An aspiring rapper’s struggle and a tale of witchcraft and misogyny are among this month’s YA standouts
The Hate U Give made a YA superstar of Angie Thomas, but just how do you follow a bestselling debut that has already been made into a movie? In On the Come Up (Walker) 16-year-old Brianna longs to become a famous rapper but finds herself stymied by poverty, a troubled reputation at school and, after her song goes viral, media prejudice about who she really is. There is no second-book syndrome here. Unflinching, honest and brimming with humanity, Thomas writes with confidence and conviction about kids seldom seen in literature. In a book that is all about finding your voice and the power of words, Bri’s frustrated, angry lyrics are pure magic.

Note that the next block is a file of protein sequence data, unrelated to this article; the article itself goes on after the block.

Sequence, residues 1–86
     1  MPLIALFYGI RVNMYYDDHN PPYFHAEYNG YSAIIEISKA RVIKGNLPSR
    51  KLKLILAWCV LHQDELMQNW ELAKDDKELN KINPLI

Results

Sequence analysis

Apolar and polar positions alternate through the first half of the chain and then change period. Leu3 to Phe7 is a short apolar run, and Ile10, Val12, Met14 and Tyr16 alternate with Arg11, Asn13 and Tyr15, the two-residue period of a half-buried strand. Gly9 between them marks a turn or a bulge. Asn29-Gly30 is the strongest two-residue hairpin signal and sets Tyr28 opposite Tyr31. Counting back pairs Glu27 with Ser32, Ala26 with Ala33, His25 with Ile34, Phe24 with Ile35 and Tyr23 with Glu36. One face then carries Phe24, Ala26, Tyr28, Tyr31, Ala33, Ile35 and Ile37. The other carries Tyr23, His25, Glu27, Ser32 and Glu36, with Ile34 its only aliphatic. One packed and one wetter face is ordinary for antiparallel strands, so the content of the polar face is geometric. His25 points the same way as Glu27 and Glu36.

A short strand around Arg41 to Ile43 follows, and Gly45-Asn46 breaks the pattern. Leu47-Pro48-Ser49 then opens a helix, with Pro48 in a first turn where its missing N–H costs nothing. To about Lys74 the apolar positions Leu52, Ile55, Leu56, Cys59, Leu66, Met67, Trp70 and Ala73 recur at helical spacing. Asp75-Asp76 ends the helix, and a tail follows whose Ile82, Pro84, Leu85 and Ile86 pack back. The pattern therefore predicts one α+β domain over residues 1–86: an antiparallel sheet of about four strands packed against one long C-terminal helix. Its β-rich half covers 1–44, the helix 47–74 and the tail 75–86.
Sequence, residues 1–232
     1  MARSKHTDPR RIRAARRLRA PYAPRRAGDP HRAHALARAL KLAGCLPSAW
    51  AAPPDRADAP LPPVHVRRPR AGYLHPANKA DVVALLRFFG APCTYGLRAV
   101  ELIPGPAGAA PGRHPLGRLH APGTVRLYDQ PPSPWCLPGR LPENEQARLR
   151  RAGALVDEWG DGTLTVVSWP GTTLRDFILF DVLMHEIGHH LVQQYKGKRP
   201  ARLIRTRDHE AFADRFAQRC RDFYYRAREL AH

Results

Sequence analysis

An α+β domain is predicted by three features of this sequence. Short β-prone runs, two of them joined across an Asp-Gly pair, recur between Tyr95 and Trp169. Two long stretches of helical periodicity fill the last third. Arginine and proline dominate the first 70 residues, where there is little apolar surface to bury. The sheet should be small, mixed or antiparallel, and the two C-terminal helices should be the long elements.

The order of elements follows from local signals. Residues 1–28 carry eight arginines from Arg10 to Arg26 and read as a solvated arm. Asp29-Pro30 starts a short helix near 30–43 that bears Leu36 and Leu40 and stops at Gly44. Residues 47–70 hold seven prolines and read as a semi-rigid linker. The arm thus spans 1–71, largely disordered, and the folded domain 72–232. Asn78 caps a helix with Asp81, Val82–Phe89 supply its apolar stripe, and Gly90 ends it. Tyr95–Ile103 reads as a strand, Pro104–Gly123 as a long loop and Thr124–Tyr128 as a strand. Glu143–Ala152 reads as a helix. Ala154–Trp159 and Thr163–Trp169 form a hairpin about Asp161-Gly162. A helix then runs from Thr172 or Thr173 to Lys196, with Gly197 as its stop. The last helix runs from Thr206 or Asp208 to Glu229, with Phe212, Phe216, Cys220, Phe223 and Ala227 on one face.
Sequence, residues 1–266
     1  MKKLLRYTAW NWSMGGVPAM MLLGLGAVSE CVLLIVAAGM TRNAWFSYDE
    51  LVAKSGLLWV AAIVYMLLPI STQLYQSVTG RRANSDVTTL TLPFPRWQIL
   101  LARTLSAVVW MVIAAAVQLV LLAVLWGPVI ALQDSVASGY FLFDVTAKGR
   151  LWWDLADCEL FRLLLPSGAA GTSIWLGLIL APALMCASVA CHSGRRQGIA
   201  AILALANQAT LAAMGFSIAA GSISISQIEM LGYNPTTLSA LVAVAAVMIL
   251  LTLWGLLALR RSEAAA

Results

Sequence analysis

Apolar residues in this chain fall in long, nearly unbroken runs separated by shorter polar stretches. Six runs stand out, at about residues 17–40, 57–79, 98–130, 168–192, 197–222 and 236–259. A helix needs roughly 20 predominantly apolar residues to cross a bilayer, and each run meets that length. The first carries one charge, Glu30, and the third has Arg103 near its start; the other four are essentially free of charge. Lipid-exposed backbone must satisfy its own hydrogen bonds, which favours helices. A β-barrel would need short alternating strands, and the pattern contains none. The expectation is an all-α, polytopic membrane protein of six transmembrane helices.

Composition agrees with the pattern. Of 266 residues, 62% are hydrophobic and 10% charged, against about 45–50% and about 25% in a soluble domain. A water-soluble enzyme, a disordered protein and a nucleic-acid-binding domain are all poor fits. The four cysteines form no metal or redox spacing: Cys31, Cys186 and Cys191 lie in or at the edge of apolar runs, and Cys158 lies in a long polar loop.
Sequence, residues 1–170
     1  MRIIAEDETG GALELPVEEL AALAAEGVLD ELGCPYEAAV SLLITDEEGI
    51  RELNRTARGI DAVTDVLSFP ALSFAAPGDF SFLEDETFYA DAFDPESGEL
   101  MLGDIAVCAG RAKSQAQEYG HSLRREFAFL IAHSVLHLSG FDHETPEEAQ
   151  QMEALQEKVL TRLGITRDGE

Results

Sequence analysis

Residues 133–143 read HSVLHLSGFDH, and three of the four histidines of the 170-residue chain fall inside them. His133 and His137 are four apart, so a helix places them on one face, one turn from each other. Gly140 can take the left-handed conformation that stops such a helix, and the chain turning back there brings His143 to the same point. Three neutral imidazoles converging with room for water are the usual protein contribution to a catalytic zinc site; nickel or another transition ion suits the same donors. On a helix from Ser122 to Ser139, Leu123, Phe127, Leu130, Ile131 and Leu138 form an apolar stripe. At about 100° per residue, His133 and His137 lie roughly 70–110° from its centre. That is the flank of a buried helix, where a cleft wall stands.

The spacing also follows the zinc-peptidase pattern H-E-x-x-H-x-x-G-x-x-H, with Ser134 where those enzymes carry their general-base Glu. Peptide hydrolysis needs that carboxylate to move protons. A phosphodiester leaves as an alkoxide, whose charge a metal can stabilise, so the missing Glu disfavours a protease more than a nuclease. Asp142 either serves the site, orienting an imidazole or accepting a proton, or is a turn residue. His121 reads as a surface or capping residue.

Another author following a feted debut is Muhammad Khan, whose excellent I Am Thunder introduced him as an exhilarating new talent. Kick the Moon (Macmillan) sees Ilyas Mian navigate the pressures of contemporary teenage life, from family and religion to toxic masculinity, racism and revenge p**n. Gritty stuff, certainly, thick with moral dilemmas, but Khan’s empathy and wry humour, accentuated by a deft use of slang, make this authentic and relatable.